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Housing program saves dollars, dignity

Added on Monday, March 6, 2017

(Watch video) – When factoring the costs of jail, shelters, and emergency room visits, taxpayers pay about $40,000 for every homeless person who lives on the streets for one year, according to the U.S. Department of Housing and Urban Development.

The Twin Cities Salvation Army is striving to solve this problem through an innovative program called Group Residential Housing (GRH), funded by Hennepin County.

Cami CaseGRH includes five Salvation Army caseworkers who help dozens of homeless men and women secure stable housing.

“Once we get them into housing, we make sure they stay in housing,” said one of the caseworkers, Cami Case (pictured), who is based at The Salvation Army Harbor Light Shelter in Minneapolis.

Case and her fellow caseworkers help the men and women stay housed by:

  • Managing their finances. The caseworkers pay each participant’s rent and utility bills using money from their social security or general assistance payments.
  • Teaching them life skills. This includes grocery shopping, cooking, cleaning a home, and much more. “Those things may seem easy, but for someone with a mental health disability, it can be a struggle,” said Case, who takes several participants grocery shopping once a month.
  • Working with their landlords. “We give landlords assurance that a Salvation Army caseworker is guiding and supporting the tenant,” Case said.

To qualify for GRH, participants must: 1. Have been homeless for one continuous year or have had four episodes of homelessness in three years. 2. Have a doctor-confirmed physical or mental health disability.

Successes and challenges

Although most GRH participants live with a mental illness, some do not. That includes a 56-year-old man named Irvin, who landed in the program about a year ago. He had undergone a total knee replacement that ultimately left him homeless.

“My knee got so bad that I couldn’t work and I couldn’t pay rent,” said Irvin, who’d been working his entire life as a skilled labor, equipment operator, and personal trainer.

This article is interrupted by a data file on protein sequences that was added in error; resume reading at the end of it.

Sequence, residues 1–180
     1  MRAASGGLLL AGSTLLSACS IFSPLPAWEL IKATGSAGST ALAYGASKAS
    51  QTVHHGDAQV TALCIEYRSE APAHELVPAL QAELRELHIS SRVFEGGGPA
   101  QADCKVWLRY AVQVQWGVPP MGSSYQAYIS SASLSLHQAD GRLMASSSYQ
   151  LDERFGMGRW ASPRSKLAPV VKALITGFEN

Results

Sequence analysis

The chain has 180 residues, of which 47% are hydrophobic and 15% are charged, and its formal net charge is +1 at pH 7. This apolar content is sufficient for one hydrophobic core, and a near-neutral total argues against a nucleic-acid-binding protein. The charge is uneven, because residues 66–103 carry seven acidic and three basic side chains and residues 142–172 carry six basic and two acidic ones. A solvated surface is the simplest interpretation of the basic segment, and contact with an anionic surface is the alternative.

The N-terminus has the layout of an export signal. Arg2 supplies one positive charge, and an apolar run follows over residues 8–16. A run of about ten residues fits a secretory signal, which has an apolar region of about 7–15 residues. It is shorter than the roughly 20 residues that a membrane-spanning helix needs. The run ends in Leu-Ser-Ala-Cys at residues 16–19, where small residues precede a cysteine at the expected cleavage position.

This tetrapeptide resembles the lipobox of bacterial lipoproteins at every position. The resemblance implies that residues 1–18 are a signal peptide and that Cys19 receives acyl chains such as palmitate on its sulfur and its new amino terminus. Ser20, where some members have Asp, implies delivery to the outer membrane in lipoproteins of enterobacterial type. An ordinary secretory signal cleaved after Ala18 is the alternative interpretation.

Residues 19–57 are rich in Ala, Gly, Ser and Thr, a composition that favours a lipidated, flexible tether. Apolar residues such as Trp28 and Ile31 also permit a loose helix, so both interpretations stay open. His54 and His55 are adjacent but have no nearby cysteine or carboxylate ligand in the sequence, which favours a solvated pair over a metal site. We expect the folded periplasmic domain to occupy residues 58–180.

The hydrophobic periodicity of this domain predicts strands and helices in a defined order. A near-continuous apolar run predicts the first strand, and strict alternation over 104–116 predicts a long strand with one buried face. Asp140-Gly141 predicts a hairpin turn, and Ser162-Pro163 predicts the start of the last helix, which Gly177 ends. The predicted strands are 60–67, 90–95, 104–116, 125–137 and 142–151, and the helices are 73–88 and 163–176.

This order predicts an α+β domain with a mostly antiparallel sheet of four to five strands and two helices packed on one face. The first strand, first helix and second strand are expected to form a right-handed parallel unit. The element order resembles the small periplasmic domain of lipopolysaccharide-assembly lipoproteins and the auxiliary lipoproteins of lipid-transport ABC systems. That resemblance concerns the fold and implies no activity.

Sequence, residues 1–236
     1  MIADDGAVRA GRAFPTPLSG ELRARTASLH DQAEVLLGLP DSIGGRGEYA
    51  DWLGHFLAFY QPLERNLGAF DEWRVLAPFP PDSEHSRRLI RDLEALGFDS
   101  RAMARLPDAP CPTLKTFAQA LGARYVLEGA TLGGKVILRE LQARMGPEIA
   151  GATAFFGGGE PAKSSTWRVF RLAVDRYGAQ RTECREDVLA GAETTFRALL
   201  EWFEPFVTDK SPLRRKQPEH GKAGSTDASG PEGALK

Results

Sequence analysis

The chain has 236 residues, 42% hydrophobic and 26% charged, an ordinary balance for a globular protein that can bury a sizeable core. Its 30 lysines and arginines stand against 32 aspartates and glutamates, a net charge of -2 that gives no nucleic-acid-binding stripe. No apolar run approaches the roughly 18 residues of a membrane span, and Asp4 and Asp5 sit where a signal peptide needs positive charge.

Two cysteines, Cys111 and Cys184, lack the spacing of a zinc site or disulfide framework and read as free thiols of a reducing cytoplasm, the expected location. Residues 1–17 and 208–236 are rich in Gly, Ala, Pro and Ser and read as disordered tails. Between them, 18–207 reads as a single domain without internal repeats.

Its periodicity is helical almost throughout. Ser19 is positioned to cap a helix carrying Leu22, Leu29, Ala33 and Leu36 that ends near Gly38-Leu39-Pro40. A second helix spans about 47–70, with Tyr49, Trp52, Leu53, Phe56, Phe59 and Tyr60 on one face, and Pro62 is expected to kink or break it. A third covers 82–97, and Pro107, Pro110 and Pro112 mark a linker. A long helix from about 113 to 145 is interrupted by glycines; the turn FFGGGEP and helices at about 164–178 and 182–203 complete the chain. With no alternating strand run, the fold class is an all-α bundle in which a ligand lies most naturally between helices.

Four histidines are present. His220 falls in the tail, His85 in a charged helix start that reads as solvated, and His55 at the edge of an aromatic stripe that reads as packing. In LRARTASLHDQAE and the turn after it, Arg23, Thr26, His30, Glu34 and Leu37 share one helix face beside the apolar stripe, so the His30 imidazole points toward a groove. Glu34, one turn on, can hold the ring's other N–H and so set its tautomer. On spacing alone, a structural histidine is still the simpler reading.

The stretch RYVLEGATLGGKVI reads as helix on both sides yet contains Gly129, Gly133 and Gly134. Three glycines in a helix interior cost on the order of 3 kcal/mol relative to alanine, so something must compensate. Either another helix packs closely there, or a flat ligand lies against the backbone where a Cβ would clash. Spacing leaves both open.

With help from Case, Irvin now lives in a Minneapolis apartment for residents 55 and older.

“Cami is Superwoman,” Irvin said. “She is the greatest.”

Housing illustrationThe program’s biggest challenge is finding available housing that is affordable. There simply isn’t enough of it in Hennepin County.

“Finding housing for a person can take anywhere from three months to a year and a half – sometimes longer,” Case said. “It all depends on the person and what their barriers are. Meanwhile, they have to continue staying at shelters, with friends, or under bridges.”

The GRH caseworkers at Harbor Light are currently assisting about 55 people who have secured housing, plus another five people who are trying to find housing.

GRH and supportive housing programs like it provide dignity and stability to society’s most vulnerable adults. These programs also save thousands of tax dollars, including medical expenses that average between $18,500 and $44,500, per homeless person, per year. According to greendoors.org, permanent supportive housing:

  • Reduces health care costs by 59 percent
  • Decreases emergency room costs by 61 percent
  • Slashes general inpatient hospitalizations by 77 percent

The Salvation Army is one of several nonprofits operating a GRH program in partnership with Hennepin County.

Video

Watch Case explain more about her role in GRH, and how the program helps people.

Please join The Salvation Army by volunteering or making a donation to support your local community.